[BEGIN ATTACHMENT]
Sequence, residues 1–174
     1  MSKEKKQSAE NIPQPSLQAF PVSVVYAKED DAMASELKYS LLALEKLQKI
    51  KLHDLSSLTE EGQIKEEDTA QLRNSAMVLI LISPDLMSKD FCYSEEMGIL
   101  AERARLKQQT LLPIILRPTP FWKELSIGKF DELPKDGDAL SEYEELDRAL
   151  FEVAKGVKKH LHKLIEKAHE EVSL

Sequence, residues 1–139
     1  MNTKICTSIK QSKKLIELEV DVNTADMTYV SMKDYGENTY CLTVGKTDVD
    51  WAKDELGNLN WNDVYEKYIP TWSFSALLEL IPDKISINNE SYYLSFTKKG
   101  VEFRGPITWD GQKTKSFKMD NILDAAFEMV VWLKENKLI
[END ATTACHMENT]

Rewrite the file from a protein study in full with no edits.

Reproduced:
Sequence, residues 1–174
     1  MSKEKKQSAE NIPQPSLQAF PVSVVYAKED DAMASELKYS LLALEKLQKI
    51  KLHDLSSLTE EGQIKEEDTA QLRNSAMVLI LISPDLMSKD FCYSEEMGIL
   101  AERARLKQQT LLPIILRPTP FWKELSIGKF DELPKDGDAL SEYEELDRAL
   151  FEVAKGVKKH LHKLIEKAHE EVSL

Sequence, residues 1–139
     1  MNTKICTSIK QSKKLIELEV DVNTADMTYV SMKDYGENTY CLTVGKTDVD
    51  WAKDELGNLN WNDVYEKYIP TWSFSALLEL IPDKISINNE SYYLSFTKKG
   101  VEFRGPITWD GQKTKSFKMD NILDAAFEMV VWLKENKLI